# Combinatorial Algorithms

Combinatorial Algorithms
Spring 2015
Prof. Matthew P. Johnson
“There is an obvious finite algorithm, but that algorithm increases in difficulty exponentially
with the size of the graph. It is by no means obvious whether or not there exists an algorithm
whose difficulty increases only algebraically with the size of the graph. ... It may be that since
one is customarily concerned with existence, convergence, finiteness, and so forth, one is not
inclined to take seriously the question of the existence of a better-than-finite algorithm.”
— Jack Edmonds, “Paths, Trees, and Flowers” (1965)

Prerequisites: Algorithms, and mathematical maturity; also, basic knowledge of discrete math and linear algebra.

Texts: A Course in Combinatorial Optimization (Schrijver; http://homepages.cwi.nl/~lex/files/dict.pdf) and Combinatorial Optimization: Algorithms and Complexity (Papadimitriou &
Steiglitz)

Assessment: Biweekly problem sets, and a project (survey paper or implementation).

Course summary: This is a course on combinatorial algorithms (or, as some would say, algorithms), covering topics (far) beyond the scope of the first-year algorithms class. More precisely, this is an advanced course in algorithms for optimization problems concerning discrete objects, principally graphs. In such problems, we search a finite but typically exponentially large set of valid solutions—e.g., all matchings in a graph—for one maximizing or minimizing some objective function. Nonetheless, most of the problems we study in this course are optimally solvable in polynomial time. The fundamental topics here are matchings, flows and cuts, shortest paths and spanning trees, and matroids. An overarching theme is that many such problems have traditionally been studied both a) by computer scientists, using discrete, combinatorial algorithms (greedy, DP, etc.), and b) in the operations research optimization community, where they are treated as continuous optimization problems (solved by LP, etc.). We will often compare the two approaches, and we will find that it can be fruitful to combine them. In particular, we will repeatedly use is linear programming throughout the course.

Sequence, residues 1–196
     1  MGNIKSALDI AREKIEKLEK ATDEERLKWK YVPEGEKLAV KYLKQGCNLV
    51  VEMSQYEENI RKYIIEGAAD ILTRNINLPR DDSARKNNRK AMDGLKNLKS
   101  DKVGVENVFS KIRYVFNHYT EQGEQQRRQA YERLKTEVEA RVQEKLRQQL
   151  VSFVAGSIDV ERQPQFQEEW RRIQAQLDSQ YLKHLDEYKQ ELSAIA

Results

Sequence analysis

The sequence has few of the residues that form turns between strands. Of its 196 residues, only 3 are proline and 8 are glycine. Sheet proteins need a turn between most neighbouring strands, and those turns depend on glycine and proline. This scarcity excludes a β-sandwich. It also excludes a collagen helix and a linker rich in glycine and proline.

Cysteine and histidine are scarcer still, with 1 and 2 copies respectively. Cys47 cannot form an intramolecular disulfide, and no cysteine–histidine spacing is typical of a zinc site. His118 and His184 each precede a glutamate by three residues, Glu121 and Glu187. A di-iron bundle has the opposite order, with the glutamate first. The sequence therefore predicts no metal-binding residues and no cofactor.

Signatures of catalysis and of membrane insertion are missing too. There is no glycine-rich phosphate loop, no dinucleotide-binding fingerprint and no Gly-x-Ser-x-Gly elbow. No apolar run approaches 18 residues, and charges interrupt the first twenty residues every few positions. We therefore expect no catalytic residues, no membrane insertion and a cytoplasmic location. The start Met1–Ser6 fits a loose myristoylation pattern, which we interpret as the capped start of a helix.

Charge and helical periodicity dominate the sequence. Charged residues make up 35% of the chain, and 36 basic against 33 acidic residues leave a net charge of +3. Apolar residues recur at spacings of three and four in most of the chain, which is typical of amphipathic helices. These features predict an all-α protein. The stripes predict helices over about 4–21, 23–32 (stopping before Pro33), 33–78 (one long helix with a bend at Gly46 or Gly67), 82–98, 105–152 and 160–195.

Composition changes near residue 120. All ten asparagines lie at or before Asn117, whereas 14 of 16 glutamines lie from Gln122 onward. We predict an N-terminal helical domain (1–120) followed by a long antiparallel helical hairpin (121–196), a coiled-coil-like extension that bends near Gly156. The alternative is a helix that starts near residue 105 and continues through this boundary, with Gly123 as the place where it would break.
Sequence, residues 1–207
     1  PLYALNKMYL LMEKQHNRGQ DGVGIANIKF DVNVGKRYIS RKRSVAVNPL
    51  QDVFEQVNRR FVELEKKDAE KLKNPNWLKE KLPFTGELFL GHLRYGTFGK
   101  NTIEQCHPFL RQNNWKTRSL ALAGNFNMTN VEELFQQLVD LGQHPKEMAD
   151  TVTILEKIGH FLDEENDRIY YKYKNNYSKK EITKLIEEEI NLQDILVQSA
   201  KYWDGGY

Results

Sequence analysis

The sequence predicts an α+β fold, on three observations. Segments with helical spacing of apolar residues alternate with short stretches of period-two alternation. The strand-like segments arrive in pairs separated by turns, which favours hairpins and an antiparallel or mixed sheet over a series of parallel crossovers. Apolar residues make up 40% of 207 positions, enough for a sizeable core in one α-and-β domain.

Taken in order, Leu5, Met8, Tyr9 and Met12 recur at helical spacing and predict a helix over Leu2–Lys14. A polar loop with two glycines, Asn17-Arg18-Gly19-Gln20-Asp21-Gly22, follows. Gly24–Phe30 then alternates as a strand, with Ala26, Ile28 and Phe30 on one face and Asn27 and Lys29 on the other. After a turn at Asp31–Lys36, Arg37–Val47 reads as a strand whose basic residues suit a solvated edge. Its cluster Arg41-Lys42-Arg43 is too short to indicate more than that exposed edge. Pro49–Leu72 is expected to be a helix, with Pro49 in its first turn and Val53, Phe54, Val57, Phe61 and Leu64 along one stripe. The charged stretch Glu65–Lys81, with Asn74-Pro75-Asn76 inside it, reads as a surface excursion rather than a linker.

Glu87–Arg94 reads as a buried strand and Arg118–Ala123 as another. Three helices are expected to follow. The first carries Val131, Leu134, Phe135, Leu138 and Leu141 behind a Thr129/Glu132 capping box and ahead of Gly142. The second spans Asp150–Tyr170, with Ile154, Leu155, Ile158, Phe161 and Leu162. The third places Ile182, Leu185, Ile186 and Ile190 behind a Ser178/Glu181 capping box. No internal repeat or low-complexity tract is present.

Rationale: Combinatorial algorithms is a core part of algorithms, which is a core part of computer science, as perhaps evidenced by the epigraph above (from the paper in which Edmonds gave his algorithm for maximum matching in general graphs). Many of the optimization problems that are most fundamental to computer science and have had the greatest “broader impact” outside of computer science and indeed within the wider world—shortest paths for travel, network flow for business and transportation, maximum matching for resource allocation, linear programming for myriad operations research problems—are among the topics covered in this course.

Learning goals: Learn some of the canonical algorithms (and algorithm schemata) for solving fundamental matching, flow, and path problems; become able to apply and extend these techniques to new problem variations; come to see how many of these problems are mutually reducible to one another; gain an appreciation of the conceptual foundations of duality and matroid theory, and of polyhedral combinatorics as mathematical technology.

Topics:
• shortest paths and spanning trees
– single-source (Dijkstra, Bellman-Ford)
– all-pairs (Floyd-Warshall)
– spanning trees (Prim, Kruskal)
– arborescences (Edmonds)
– NP-Complete extensions (CDS, Steiner, etc.)
• linear programming
– convex hulls and polyhedra
– simplex, etc.
– LP-rounding for approximation
– duality
– packing and covering LPs
– primal-dual method
– totally unimodular matrices
• convex optimization
– convex programming
– Lagrangian duality
– semi-definite programming
• matchings
– unweighted bipartite (augmenting paths)
– weighted bipartite (Hungarian)
– unweighted non-bipartite (Edmonds)
– weighted non-bipartite (more Edmonds)
– NP-Complete extensions (GAP, 3DM, etc.)
• network flows
– disjoint paths (Menger)
– max flow / min cut
– augmenting path algorithms
– push-relabel algorithms
– min-cost max flow
– multi-commodity flow and multicut• matroid theory
– matroid intersection
– matroid union
• optional side topics
– string matching (Rabin-Karp, KMP)
– online algorithms (paging, k-server, secretary)
– scheduling